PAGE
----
Hackett has also made no secret he wants, and has predicted, a healthy dose of downfield throws in the passing game.
Thing is, Hackett, Wilson, general manager George Paton, offensive coordinator Justin Outten and most anyone who saw more than six plays of Broncos football last season are just as quick to say Javonte Williams has got to be involved -- a lot -- no matter how often the Broncos throw the ball to other people.
As Wilson put it last month after reviewing Broncos games from last season: "And then to watching [Williams] not get tackled. It's always good when a running back doesn't get tackled. So that was fun."
"Javonte is ready for whatever role he has," Paton said at the scouting combine. "We think he is a good young player with a really, really bright future. He's going to fit whatever we do on offense."
But no matter how big, strong and brimming with potential Williams is, the Broncos still want to add depth at the position. The initial rush of free agency has passed with Williams, Mike Boone and Damerea Crockett as the only running backs on the roster.
Boone arrived in free agency last year with high hopes in tow before injuring a thigh in training camp and having a stint on COVID-19 reserve list in December. He finished the season with just four carries. Crockett played in 12 games as he bounced between the roster and the practice squad on the way to only three carries.
The Broncos may believe Boone can be far more involved this year than last, but will need help even if Williams moves toward being a 250-carry back rather than the 203-carry back he was as a rookie.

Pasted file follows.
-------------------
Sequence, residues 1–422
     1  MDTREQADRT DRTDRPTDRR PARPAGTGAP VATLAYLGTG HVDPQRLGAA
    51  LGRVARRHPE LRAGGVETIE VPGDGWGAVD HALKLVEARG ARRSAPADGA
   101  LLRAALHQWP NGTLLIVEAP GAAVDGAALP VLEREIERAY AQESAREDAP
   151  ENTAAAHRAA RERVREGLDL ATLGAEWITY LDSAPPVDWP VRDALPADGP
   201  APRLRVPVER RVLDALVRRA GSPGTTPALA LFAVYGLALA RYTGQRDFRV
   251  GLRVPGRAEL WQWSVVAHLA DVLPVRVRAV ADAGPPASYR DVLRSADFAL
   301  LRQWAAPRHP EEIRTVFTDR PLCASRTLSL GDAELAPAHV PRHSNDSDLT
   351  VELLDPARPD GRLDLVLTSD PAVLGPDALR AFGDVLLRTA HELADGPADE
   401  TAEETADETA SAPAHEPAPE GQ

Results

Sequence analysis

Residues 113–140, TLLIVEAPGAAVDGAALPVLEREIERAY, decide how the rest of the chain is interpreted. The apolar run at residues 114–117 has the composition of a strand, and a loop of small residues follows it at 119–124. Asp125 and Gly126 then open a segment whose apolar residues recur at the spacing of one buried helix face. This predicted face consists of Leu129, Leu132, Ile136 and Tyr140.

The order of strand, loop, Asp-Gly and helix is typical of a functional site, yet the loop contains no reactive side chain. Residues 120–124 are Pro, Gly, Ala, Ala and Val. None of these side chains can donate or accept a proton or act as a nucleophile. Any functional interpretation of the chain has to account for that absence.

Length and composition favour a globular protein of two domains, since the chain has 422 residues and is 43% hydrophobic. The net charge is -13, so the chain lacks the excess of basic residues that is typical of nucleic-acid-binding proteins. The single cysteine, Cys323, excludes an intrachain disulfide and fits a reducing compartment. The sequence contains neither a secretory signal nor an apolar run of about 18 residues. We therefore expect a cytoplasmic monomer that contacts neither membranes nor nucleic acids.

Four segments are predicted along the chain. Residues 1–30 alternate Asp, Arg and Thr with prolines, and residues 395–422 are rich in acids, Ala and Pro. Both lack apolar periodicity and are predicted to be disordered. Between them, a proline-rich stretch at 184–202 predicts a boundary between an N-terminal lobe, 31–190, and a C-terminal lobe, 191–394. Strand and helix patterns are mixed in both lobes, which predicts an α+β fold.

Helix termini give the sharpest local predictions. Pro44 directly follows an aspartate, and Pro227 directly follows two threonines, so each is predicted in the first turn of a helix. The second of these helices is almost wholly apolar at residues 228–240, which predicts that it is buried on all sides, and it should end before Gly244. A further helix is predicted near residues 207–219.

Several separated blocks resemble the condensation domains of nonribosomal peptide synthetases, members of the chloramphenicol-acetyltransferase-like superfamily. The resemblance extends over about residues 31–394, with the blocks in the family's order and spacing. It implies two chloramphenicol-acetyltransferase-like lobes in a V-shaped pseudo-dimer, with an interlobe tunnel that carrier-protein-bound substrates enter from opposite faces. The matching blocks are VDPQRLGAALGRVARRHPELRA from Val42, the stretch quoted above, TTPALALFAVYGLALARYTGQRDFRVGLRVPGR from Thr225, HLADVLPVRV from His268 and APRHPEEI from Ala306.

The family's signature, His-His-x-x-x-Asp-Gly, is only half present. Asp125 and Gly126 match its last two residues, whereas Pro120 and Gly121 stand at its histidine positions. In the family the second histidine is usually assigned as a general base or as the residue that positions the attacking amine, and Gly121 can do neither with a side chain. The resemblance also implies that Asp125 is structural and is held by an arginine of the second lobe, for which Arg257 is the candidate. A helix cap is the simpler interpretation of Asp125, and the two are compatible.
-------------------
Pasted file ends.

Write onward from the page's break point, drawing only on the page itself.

"I think with any running back, you always want to have as many as you can, you want a big stable," Hackett said at the owners' meetings. "You want to have a guy that you can feed and make sure he gets a lot. [Williams is] still a young player, and he's still learning. You want to make sure you can split it as much as you can ... a lot of the places that I've been, there's always been kind of two guys because you always want to try to split the load as much as you can. At the same time, he's a great player. We'll just have to see how the whole thing goes."
Last season Williams and Melvin Gordon III had the ultimate 50-50 split -- both finished with 203 carries as Gordon had 918 yards rushing to lead the team compared to Williams' 903. Gordon is still unsigned in free agency and Paton said he has continued to stay in contact with Gordon's representatives in recent weeks to keep the option open to bring the soon-to-be 29-year-old back on what would almost certainly be a short-term deal.
Gordon may be looking for a bigger workload, though. He said as last season drew to a close and publicly this offseason that he would prefer a situation where he isn't splitting carries as much as he did with Williams last season. And even Gordon has said Williams is easily ready for more in an offense as well.
There are plenty of experienced players still available for potential one-year deals: Gordon, Darrel Williams, David Johnson, Sony Michel and former Broncos draft pick Devontae Booker. Leonard Fournette has received the only three-year deal among running backs who have signed.
The Broncos, who do not have a first-round pick in next month's draft after the trade for Wilson, still have five of their eight draft picks within the first 116 picks. That could be prime real estate to add a running back.
But Williams is clearly out front in the plan no matter what happens next.
As quarterback Teddy Bridgewater said of Williams last season, "you can see it every time, you hand him the ball and it just does something for your offense. Every single time."